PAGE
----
visual arts

Turkish media artist finds new home at Mason Gross

When he was growing up in Ankara, Turkey, Ahmet Atif Akin dreamed of becoming a photographer. By the time he was 16, he had a darkroom and had submitted his photographs to group shows. Yet he ended up earning degrees in chemical engineering and industrial design because that was the best education he thought Turkey could offer him.

After completing a master's degree from the Middle East Technical University in Ankara in 2005, Akin parlayed his technical training into a career in electronic art. He exhibited his digital designs in online galleries around the world, collaborating with artists in Europe and the United States. His work quickly attracted recognition, and in 2009, he was listed as one of the 500 best artists under 33 years of age from around world in the Younger Than Jesus: Artist Directory, published by the New Museum in New York.

In September 2011, Akin joined the faculty at the Mason Gross School as an assistant professor in the Visual Arts Department. A former instructor of new media and design at Bilgi University and Kadir Has University in Istanbul, Akin was selected for the position after an international search for an artist specializing in digital design.

"He's an example of someone who can come from Istanbul and bring a different perspective, and yet there's an irony to that," says Gerry Beegan, an associate professor of design and undergraduate director of the visual arts department. "Everyone is using the same tools and the same software and the same hardware in what he does. So he's international, yet he brings something fresh."

In his studio class on interactive design, Akin has found that teaching offers him a different way of expressing himself that is even more rewarding than creating art. "Trying to make a concrete statement to a group of people and trying to justify your statement with specific examples–sometimes I find that more interesting than doing my own artwork," he says.

Just as engineering introduced Akin to abstract thinking and how to define–and not just solve–a problem, the Internet introduced him to new forms of media art. While a graduate student in Ankara, he followed online galleries and their artists, and became more interested in new media than in photography.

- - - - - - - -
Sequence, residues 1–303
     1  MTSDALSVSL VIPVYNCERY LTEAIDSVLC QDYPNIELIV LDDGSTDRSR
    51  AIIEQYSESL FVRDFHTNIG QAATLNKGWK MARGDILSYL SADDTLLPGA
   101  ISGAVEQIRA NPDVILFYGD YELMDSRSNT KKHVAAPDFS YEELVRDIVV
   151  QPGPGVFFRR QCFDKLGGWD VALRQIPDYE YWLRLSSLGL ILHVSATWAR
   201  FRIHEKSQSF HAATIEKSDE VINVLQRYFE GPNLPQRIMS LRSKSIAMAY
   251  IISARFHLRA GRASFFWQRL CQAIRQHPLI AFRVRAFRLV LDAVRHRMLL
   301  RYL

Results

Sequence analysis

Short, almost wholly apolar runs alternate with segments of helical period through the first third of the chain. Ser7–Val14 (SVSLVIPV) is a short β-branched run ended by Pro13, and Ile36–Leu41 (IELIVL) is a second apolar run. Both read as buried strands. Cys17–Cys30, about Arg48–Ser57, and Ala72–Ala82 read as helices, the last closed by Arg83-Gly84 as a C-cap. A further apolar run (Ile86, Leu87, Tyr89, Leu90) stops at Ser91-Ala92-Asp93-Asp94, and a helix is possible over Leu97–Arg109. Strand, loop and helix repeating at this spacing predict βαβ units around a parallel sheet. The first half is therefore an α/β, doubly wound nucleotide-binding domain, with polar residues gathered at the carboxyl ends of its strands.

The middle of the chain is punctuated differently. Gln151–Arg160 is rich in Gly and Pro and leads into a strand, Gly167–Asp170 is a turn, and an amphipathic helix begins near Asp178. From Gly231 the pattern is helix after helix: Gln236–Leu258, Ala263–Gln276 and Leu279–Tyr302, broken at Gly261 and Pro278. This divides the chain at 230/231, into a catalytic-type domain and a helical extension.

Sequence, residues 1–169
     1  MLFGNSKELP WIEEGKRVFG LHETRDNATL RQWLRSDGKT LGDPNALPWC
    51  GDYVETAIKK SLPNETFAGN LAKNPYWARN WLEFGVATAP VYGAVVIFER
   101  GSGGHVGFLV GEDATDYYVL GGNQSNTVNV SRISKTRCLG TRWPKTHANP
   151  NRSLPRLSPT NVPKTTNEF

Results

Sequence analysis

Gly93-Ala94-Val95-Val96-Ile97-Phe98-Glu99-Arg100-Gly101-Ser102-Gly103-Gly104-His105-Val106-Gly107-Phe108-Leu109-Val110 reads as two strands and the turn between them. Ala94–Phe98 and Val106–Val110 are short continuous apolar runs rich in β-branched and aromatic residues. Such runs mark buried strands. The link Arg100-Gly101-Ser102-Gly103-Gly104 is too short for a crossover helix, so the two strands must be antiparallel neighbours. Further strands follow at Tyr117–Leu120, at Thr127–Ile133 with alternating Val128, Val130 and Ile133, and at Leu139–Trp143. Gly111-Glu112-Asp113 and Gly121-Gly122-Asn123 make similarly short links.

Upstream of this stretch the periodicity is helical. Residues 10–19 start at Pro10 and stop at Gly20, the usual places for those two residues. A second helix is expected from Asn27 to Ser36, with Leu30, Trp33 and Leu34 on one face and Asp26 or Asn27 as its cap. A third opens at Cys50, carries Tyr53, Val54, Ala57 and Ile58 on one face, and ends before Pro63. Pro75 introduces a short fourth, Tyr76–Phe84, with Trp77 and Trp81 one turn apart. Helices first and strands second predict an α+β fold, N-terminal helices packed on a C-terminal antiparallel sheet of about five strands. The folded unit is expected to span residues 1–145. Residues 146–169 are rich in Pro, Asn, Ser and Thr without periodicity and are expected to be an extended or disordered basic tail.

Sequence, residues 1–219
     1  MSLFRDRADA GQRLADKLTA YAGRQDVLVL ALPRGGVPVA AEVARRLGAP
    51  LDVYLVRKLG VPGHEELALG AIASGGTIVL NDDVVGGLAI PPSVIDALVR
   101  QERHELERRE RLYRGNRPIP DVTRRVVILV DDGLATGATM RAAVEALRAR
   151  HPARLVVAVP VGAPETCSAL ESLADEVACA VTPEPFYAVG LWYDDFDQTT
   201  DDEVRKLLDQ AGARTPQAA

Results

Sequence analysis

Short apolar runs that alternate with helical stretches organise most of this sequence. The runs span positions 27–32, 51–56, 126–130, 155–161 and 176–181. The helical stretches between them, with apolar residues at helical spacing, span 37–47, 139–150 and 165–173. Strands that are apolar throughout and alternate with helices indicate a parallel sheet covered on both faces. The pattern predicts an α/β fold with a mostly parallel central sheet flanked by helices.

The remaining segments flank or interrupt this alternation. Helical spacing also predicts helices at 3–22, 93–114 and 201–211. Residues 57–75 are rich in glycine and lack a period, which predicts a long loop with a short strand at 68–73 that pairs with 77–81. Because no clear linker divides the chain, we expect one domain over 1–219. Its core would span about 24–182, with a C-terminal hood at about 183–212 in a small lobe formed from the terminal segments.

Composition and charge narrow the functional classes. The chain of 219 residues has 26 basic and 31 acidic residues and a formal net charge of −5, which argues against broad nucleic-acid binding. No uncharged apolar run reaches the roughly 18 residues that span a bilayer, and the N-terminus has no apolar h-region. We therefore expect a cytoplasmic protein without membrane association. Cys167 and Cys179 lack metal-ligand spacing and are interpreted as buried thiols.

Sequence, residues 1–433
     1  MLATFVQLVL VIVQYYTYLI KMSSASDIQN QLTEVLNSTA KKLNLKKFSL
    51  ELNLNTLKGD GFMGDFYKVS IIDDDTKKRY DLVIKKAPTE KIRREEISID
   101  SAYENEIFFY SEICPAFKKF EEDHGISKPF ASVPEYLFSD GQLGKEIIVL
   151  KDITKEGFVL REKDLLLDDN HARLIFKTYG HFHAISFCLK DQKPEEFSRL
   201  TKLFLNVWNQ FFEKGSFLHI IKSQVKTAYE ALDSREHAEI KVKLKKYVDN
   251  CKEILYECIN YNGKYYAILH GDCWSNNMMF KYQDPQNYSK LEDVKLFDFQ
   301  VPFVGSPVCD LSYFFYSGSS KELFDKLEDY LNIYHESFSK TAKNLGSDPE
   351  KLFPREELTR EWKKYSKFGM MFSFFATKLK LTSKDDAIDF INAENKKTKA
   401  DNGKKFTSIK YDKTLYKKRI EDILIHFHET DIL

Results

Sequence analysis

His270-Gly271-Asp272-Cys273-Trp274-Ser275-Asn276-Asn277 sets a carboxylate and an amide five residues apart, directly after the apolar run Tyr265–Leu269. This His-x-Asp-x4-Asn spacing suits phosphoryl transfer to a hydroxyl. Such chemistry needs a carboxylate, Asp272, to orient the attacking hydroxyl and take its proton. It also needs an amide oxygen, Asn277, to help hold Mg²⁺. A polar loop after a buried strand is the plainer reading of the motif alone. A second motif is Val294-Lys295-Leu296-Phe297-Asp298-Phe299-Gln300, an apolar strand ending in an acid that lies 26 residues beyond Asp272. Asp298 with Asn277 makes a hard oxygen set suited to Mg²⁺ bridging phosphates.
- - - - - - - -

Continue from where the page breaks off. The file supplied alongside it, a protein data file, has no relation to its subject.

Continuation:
He began producing videos, multimedia installations and photography projects. In 2009, he founded and organized the PixellST festival in Istanbul, dedicated to the electronic arts and its subcultures. He also started working with xurban.net, an international art collective that examines contemporary politics.

As an artist in Turkey, Akin says he never experienced repression of his work, yet because he felt that "freedom is quite questionable," he chose not to show his art frequently in his native country. "The media of expression is controlled," he says. "There is always the issue of censorship. You never really feel free to do what you want."

One video installation he created in Istanbul directly questioned the Turkish government in its role in reacting to the recurring earthquakes that have killed thousands of people and destroyed hundreds of buildings across the country. In 2008, a high-rise hotel in the center of Istanbul commissioned Akin to produce an installation on the video screen that sits atop its roof. Calling the work Evacuate Istanbul! (above), Akin used current data from a Turkish earthquake observatory center to announce, in a constantly running, multicolored video stream, tremors being recorded in towns throughout the country.

"That was a political statement," Akin says. "I got multiple reactions from different types of people. They felt it was a project urging the government to take precautions."

Much of his artwork bridges cultures and time periods. At an exhibit at Rutgers in fall 2011, Akin displayed some photographs of a market in Odessa, Ukraine, known for selling fabrics from Turkey. Akin took the photographs, depicting the market stalls in shades of gray, gold, pink, and blue, while visiting Chernobyl, where he is working on a project taking pictures of the region's abandoned villages.

Now living in Jersey City, Akin finds the artistic life in the New York area to be vibrant and full of possibilities for collaboration with other digital artists. "The first thing I can do is find a subculture that I feel that I belong in," he says. "There is space for me in the subculture and for people like me so we can share our views and discuss these issues."

Editor's note: This interview is courtesy of Rutgers Today and author Sherrie Negrea.

Posted August 2012